“Death and Anger on Everest” | by Jon Krakauer

SnowBrains | | AvalancheAvalanche
Last Friday's deadly avalanche on Everest.
Last Friday’s deadly avalanche on Everest.

Last Friday, April 18th, 2014 at 6:30am an avalanche came down upon a group of 25 Sherpas who were crossing the Khumbu icefall in order to fix ropes on the route to Camp One.  Sixteen of the Sherpa didn’t survive making it the single deadliest incident in Everest history.

Since this accident, many Sherpa has chosen not to climb this season.  Many guide companies have called it quits for the season as well.  There is a lot of confusion, a lot of death, and a lot of anger on Mt. Everest right now.

Jon Krakaur, famous for book about the tragic 1996 Everest season that saw 15 deaths titled “Into Thin Air”, has written an article about last Friday’s deadly avalanche and the aftermath.  Eight of those deaths happened on one climb making it the most deadly accident in Everest history, until this year.

Below is an excerpt from today’s New Yorker article by Jon Krakauer.


by Jon Krakauer

For many years, the most lucrative commercial guiding operation on Mt. Everest has been a company called Himalayan Experience, or Himex, which is owned by a New Zealand mountaineer named Russell Brice. In the spring of 2012, more than a month into the climbing season, he became increasingly worried about a bulge of glacial ice three hundred yards wide that was frozen tenuously to Everest’s West Shoulder, hanging like a massive sword of Damocles directly over the main route up the Nepal side of the mountain. Brice’s clients (“members,” in the parlance of Himalayan mountaineering), Western guides, and Sherpas repeatedly had to climb beneath the threatening ice bulge as they moved up and down the mountain to acclimatize and establish a series of higher camps necessary for their summit assault. One day, Brice timed how long it took his head guide, Adrian Ballinger (“who is incredibly fast,” he wrote in the blog post excerpted below), to climb through the most hazardous terrain:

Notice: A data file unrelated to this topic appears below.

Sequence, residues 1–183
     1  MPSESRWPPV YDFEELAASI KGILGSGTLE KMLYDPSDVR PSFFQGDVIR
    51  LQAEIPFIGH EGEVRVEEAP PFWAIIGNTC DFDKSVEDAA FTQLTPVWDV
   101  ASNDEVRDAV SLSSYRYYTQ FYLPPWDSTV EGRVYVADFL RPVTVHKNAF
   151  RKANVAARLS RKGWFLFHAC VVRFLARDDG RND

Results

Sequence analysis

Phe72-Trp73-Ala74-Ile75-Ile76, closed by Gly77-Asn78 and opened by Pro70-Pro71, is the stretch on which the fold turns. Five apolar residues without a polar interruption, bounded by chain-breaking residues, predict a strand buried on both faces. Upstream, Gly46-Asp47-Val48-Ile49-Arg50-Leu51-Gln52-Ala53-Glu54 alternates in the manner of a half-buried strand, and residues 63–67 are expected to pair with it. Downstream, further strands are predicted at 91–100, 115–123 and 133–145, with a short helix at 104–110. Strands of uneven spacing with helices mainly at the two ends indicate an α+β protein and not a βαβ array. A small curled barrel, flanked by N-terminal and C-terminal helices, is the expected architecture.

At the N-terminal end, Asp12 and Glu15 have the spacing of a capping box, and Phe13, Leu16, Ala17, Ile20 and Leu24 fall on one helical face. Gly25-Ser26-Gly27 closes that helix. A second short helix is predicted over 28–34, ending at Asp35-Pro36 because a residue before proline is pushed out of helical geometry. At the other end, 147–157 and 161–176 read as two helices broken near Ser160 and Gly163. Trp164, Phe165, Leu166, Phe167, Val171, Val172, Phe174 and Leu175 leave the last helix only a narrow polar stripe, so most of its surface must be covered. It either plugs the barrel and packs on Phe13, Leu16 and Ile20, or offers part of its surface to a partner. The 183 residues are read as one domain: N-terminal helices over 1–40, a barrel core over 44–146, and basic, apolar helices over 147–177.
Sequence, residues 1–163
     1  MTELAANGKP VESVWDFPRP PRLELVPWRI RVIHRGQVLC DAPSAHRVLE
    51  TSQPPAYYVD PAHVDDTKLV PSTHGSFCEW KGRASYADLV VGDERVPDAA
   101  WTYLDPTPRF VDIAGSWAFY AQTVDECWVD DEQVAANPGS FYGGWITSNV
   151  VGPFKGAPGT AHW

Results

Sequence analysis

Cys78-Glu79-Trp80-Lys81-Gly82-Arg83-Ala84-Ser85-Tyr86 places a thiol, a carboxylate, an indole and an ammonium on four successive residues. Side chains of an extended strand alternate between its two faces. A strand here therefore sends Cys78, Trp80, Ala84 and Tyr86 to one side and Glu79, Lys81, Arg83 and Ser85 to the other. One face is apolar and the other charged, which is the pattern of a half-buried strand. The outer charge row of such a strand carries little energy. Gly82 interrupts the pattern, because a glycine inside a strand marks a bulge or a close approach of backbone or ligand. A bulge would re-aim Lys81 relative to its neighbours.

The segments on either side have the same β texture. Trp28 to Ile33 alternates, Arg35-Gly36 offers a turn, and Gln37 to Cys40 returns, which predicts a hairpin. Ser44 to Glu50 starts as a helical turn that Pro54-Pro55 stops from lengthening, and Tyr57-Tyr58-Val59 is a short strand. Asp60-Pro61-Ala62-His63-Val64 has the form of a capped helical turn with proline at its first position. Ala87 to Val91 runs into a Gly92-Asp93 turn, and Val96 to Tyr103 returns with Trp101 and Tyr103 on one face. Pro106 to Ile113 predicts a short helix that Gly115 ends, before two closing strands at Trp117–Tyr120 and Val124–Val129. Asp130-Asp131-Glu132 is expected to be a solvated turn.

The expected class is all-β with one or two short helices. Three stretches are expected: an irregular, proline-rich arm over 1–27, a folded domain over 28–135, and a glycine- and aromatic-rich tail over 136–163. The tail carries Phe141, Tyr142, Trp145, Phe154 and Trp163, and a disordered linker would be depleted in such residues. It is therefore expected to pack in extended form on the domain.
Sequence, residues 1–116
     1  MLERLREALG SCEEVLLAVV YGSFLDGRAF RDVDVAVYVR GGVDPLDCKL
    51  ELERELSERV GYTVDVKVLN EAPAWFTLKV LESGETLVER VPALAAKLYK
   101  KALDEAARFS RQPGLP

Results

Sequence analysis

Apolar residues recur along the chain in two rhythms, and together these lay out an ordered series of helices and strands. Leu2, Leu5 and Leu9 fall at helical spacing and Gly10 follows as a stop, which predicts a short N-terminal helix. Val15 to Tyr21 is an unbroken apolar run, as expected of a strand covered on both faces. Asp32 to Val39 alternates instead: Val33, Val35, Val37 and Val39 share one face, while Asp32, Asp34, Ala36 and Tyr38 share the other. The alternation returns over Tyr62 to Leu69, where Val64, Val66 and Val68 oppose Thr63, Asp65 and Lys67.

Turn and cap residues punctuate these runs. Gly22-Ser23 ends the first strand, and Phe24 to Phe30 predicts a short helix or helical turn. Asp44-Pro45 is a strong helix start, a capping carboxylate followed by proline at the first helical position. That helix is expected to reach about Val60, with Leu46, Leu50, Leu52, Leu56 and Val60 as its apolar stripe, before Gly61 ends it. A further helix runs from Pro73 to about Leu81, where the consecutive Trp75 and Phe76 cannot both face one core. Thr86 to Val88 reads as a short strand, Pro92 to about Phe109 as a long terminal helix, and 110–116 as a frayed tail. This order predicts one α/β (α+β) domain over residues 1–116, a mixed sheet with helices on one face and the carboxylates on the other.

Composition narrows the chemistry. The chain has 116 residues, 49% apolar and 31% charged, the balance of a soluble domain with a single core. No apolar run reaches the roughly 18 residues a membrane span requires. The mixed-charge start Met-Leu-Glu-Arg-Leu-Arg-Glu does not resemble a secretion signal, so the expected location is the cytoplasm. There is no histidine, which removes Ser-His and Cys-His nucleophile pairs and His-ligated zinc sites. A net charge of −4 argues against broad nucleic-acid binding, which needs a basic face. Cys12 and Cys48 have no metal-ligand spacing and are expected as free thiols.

It took him 22 min from the beginning to the end of the danger zone. For the Sherpas carrying a heavy load it took 30 min and most of our members took between 45 min and one hour to walk underneath this dangerous cliff. In my opinion, this is far too long to be exposed to such a danger and when I see around 50 people moving underneath the cliff at one time, it scares me.

Read the full article here:


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